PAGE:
Over the past few weeks I’ve read two books featuring young women in rough circumstances, and I keep weighing them against each other. It’s probably not fair to either book, but given the themes it’s hard not to compare them.
Jesmyn Ward’s Salvage the Bones won the 2011 National Book Award, and deservedly so. It’s brilliant. It’s a story about a 14-year-old African-American girl in Bois Sauvage, MS, growing up too fast as sexuality, pregnancy, poverty, dog-fighting, her father’s descent into alcoholism, and hurricane Katrina all bear down on her.
Katherine Faw Morris’ Young God is out just this spring. It’s gripping, the tale of a 13-year-old white girl in rural North Carolina, trying to regain some semblance of a normal life in the wake of her mother’s sudden death. Only “normal” means running away from a group home, tracking down her cokehead father, and trying to restart the family business of running a hillbilly drug empire.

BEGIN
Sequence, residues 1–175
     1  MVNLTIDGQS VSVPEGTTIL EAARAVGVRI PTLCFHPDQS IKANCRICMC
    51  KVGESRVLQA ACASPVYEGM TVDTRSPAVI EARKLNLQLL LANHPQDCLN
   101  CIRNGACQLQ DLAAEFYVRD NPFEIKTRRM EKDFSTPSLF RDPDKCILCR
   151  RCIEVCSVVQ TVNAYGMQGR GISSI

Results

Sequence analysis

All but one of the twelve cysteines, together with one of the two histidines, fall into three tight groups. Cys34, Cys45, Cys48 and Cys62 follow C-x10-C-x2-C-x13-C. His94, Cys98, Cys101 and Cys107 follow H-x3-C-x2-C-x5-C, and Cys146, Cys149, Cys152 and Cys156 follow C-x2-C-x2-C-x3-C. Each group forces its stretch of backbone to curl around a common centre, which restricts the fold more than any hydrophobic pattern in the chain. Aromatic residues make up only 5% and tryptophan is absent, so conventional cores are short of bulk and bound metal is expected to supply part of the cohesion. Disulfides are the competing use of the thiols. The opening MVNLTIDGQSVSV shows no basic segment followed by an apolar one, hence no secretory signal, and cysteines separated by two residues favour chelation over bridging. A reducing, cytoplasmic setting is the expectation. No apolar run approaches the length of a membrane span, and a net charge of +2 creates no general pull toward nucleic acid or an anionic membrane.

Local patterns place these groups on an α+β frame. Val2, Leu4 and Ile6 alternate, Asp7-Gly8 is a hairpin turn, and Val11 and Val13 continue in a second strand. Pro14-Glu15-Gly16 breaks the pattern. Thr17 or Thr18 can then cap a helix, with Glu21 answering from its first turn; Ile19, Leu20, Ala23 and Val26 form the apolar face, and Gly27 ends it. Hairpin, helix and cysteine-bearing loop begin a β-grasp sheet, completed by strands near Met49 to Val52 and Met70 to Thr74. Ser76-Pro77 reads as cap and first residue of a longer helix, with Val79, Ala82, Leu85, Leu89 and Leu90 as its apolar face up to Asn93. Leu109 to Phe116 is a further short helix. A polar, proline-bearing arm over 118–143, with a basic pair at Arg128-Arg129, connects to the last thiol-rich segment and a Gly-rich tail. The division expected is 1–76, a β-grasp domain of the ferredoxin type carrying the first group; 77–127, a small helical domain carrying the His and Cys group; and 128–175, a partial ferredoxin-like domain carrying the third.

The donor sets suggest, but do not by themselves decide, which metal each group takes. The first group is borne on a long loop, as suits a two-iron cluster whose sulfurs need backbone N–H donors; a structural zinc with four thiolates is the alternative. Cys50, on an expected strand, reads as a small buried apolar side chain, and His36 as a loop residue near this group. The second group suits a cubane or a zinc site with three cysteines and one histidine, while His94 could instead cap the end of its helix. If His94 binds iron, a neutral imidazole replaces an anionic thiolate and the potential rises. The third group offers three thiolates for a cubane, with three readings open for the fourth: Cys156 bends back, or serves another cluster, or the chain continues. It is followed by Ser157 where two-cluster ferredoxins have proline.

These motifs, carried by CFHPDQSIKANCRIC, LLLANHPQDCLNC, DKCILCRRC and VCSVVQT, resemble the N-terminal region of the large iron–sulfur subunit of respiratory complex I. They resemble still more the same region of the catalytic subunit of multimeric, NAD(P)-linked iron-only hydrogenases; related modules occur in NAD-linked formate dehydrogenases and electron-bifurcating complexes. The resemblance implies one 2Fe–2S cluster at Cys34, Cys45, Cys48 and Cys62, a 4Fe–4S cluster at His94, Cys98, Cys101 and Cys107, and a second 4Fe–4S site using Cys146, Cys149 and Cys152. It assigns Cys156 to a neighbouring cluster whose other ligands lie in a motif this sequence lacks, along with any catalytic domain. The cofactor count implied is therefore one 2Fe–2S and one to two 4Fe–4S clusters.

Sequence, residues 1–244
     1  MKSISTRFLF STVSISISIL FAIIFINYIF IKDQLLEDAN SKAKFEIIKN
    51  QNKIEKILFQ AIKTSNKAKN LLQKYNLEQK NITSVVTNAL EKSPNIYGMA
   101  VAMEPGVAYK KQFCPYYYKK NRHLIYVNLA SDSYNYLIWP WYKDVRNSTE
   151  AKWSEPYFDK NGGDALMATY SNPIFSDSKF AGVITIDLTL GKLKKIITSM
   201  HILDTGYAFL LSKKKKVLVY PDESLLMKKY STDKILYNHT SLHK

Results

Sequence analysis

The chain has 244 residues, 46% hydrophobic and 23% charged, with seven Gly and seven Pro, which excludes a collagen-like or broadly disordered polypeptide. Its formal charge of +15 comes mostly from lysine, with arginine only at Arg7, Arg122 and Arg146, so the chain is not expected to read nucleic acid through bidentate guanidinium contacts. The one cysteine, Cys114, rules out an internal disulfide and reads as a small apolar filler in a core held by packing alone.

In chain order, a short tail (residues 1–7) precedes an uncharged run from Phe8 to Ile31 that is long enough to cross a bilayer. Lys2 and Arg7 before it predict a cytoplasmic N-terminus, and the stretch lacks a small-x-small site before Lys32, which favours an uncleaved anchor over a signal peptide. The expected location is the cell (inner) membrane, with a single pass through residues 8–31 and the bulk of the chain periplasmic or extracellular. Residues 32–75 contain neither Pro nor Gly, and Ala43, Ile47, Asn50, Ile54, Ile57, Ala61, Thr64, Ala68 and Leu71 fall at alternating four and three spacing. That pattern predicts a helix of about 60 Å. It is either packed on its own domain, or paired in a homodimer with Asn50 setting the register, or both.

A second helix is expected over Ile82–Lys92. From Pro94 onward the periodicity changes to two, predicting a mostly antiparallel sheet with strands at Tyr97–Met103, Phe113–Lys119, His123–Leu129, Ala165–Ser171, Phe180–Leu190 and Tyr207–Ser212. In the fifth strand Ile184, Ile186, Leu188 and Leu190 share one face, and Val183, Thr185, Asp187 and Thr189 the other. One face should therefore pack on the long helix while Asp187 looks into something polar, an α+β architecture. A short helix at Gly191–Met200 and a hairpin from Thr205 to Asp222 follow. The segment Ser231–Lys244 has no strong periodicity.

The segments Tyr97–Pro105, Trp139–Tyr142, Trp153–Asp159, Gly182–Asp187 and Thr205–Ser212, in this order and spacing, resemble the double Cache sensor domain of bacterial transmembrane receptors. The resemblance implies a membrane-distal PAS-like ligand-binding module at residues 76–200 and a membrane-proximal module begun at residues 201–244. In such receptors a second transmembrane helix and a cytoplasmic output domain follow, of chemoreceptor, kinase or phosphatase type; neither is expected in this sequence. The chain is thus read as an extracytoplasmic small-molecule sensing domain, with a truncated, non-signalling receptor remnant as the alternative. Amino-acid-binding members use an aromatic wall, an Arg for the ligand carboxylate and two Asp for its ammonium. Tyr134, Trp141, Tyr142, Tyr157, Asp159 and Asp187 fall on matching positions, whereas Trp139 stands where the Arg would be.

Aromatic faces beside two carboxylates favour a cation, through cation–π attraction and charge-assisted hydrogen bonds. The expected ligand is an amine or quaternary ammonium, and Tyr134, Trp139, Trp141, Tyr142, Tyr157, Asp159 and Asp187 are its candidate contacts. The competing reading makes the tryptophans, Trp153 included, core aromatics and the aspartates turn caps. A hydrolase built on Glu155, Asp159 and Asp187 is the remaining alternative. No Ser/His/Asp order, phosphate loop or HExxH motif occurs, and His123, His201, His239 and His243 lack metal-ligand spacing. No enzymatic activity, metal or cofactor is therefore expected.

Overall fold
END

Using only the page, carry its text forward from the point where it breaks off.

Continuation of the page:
Both books are full of people facing down terrible options and choosing one that seems OK at the time. Both books highlight uncomfortable sex and self-destruction and bullshit fights and government agencies that are useless at best.
But Salvage the Bones seems written with genuine affection for the place and the people it contains. By comparison, Young God seems lurid and exploitative.
As I said, it’s not fair to compare them this way. That’s not what they were written for, and Young God is by no means a bad novel. But stacked together on the shelf, I’d recommend Salvage the Bones every time. It’s just a beautiful piece of work and deserves every bit of the praise that it gets.